February 2017        

Hard times

Jenny Farrell

Very few contemporary artists put working people and the unemployed, their raw treatment by society and their heroic attempts at fightback, centre stage as consistently as Ken Loach and Paul Laverty. Indeed there are few films—or art in general—in which working people can recognise themselves or their actual lives.
     This life experience is simply ignored by the arts. Instead mainstream art presents middle-class people living in comfortable or even luxurious accommodation, faced with relationship crises or other issues that do not question the nature of society. Seldom do we see films, or read books, that explore the innately inhuman character of the neo-liberal capitalist world we live in.
     Over a span of fifty years Ken Loach has championed the cause of the working class in his films, with singular success. His most recent film, I, Daniel Blake, his second after The Wind that Shakes the Barley, won the Palme d’Or at Cannes. It is indicative of the value of Galway’s decoration as UNESCO City of Film, and its aspiring status as City of Culture, 2020, that this film was not screened there.
     I, Daniel Blake has that documentary feel that is a hallmark of many of Loach’s films. Britain, in this age of austerity, is shown to be Dickensian without Dickens’s sentimental hope for reform. It’s a depiction of a 21st-century poorhouse, run by a “social benefits” system out to deter and crush, “protecting” only the most deserving and compliant of the poor.
     Disembodied, computer-like “decision-makers” interrogate Daniel Blake after long waits “on hold” on the telephone, following set questions that exclude interaction with the respondent. This Kafkaesque bureaucracy pronounces Blake ineligible for sickness benefit and a young mother not entitled to financial support—her penalty for challenging the authorities. Both characters are driven into freezing living conditions and near-starvation.
     This faceless and inhuman system is purposefully inefficient, deliberately high-and-mighty, its procedures designed to intimidate and humiliate the poor. Protest against the power of these authorities to impoverish absolutely leads to desperate scenes in the “social welfare” office, resulting in further sanctions and punishments. Communication about real lives and problems is impossible, thanks to to rigid regulations and procedures. These include superficial courtesy and meaningless bureaucratic phraseology, which specifically forbids human solidarity. Where this leads to protest, the poor are threatened, evicted, and handed over to the police.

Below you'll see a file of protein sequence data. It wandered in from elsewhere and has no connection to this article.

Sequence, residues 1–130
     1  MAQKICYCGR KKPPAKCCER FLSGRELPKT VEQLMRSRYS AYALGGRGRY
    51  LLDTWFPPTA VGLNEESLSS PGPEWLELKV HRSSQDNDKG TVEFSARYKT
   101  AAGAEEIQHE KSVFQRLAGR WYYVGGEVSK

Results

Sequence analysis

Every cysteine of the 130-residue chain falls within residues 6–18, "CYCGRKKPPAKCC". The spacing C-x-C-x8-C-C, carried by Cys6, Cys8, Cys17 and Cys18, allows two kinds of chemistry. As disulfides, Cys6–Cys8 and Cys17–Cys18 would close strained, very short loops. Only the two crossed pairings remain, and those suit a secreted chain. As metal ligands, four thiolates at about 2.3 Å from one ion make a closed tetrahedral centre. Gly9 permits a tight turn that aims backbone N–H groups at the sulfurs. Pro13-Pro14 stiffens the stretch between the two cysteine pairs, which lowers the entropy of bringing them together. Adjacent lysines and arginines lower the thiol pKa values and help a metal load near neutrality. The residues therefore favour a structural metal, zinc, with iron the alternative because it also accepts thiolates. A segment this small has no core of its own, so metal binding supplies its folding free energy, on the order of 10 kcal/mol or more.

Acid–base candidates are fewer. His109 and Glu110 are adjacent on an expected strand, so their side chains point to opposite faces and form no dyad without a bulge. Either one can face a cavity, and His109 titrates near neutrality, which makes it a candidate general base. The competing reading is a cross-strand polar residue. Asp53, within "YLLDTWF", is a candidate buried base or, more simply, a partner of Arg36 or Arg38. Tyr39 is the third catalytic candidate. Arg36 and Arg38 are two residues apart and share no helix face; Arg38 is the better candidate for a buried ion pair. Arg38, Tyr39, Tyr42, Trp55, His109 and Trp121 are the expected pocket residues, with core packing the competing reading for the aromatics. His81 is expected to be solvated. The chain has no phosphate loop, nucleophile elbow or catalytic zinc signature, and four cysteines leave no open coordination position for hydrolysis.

Yet solidarity is at the heart of this film. Despite the ordeal faced by the dispossessed and disempowered, they support each other—not only Daniel and Katie but also neighbours, other jobseekers, and even an employee in the benefits office, before her manager reprimands her for this “inappropriate behaviour.” When Daniel protests outside the dole office, passers-by sympathise and join in. There is genuine feeling of a common cause in defending the poor against the state.
     Daniel, Katie and Katie’s children are distinctive and authentic. The viewer can easily identify and sympathise with their humanity and their plight, their struggle against the authorities. They, their neighbours and some friends treat one another with the respect and humanity that is lacking in the state’s attitude. Daniel, surrounded by a world devoid of beauty, creates magnificent wooden decorations. Here we find some of the ingredients needed for a humane society: humanity, dignity, and a sense of what life should be like.
     The sympathy of both Loach and Laverty lies with their main characters. They are furious with the system that attempts to crush them. However, there is no sentimentality. This is the account of discarded working-class people, a very real story of those many who are at the mercy of the system.
     To return to our opening thoughts on the gulf between the “lofty” domain of escapist art and the real lives of working people: Loach’s film shows what honest, realist art can achieve. Resulting from his film, a BBC Newsnight report dealt with the cruel and vindictive sanctions imposed on the unemployed in Britain. Actual reality may be even worse than that portrayed in the film. Also, many people have commented on their own experience on social media, how they have been humiliated in the way seen in the film, how the film tells their story.
     As Loach rightly pointed out, the unemployed are not at fault for the lack of jobs: it is capitalism. Ken Loach bestows dignity on his characters, and a presence that is rare on our screens. This dignity is expressed throughout the film and emphasised in Daniel Blake’s final statement, which begins, “I, Daniel Blake.”

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